This is the confession of Laurence Jago. Clerk. Gentleman. Reluctant spy.
July 1794, and the streets of London are filled with rumours of revolution. Political radical Thomas Hardy is to go on trial for treason, the war against the French is not going in Britain’s favour, and negotiations with the independent American colonies are on a knife edge.
Laurence Jago – clerk to the Foreign Office – is ever more reliant on the Black Drop to ease his nightmares. A highly sensitive letter has been leaked to the press, which may lead to the destruction of the British Army, and Laurence is a suspect. Then he discovers the body of a fellow clerk, supposedly a suicide.
Blame for the leak is shifted to the dead man, but even as the body is taken to the anatomists, Laurence is certain both of his friend’s innocence, and that he was murdered. But after years of hiding his own secrets from his powerful employers, and at a time when even the slightest hint of treason can lead to the gallows, how can Laurence find the true culprit without incriminating himself?
A thrilling historical mystery, perfect for readers of C.J. Sansom, Andrew Taylor, Antonia Hodgson and Laura Shepherd-Robinson.
I like to think I have pretty broad tastes when it comes to reading, but in all honesty, historical fiction is where my heart really lies. I picked up Black Drop from Bert’s Books as a Christmas present to myself (that’s totally a thing, right?) and had been looking forward to diving in.
It did not disappoint. As the daughter of a diplomat, I do enjoy a bit of political intrigue, and I was totally engrossed by the Foreign Office setting. There is quite a lot to keep track of, but Leonora Nattrass is such a skilful storyteller that as the web grows more tangled, the tension ramps up, and I found myself racing through the pages. Laurence Jago is a great protagonist – I do like a flawed narrator – and it is a pleasure to follow him on his thrilling adventures through the streets of London.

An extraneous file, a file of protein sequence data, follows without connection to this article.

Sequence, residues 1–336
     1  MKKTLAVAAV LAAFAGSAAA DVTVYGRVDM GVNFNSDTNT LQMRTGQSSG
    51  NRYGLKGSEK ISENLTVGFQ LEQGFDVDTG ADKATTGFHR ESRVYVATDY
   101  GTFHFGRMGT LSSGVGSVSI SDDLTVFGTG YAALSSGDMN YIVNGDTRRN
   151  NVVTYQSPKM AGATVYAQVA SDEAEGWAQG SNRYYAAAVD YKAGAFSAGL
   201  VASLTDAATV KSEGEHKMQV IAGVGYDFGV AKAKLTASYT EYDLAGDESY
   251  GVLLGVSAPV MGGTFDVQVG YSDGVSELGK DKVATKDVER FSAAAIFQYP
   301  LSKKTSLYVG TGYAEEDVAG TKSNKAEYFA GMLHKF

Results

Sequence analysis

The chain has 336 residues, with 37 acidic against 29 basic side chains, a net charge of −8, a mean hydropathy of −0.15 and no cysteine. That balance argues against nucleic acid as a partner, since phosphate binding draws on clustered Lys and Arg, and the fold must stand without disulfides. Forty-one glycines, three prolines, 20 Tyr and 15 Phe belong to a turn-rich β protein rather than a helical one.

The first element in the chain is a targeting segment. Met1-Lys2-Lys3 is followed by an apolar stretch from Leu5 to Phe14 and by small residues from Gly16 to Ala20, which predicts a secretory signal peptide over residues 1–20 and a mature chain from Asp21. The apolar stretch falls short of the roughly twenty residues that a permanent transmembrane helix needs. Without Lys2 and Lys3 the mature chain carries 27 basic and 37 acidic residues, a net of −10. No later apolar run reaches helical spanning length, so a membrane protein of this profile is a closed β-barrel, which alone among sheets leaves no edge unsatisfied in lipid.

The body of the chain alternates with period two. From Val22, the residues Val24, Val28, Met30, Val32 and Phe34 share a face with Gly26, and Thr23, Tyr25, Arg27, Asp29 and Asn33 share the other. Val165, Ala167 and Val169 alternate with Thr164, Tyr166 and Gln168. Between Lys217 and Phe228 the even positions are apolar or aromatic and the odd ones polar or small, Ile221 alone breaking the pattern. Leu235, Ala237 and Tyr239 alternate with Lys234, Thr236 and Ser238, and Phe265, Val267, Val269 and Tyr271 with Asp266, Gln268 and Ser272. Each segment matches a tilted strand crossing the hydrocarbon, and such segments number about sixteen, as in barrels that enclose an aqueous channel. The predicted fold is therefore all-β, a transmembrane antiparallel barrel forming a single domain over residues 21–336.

The sense of threat around every corner, of the real peril in which Jago finds himself, is wonderfully done, and his dependence on the ‘black drop’ heightens the paranoia and feeling of unease. This is a superbly dark and twisty historical thriller, with some fantastic set pieces: I especially enjoyed the scenes at the menagerie. Like Laurence, I found myself unsure who to trust, assessing characters with a suspicious mind, not taking anyone at face value. It’s a tremendously engaging and fun position to be in as a reader.
Black Drop is astonishingly accomplished; an intricate story plotted with incredible attention to detail. And I am very excited that Laurence Jago will return in the sequel, Blue Water, coming later this year – it’s on my list already!
Black Drop by Leonora Nattrass is published by Viper Books and is available to purchase here.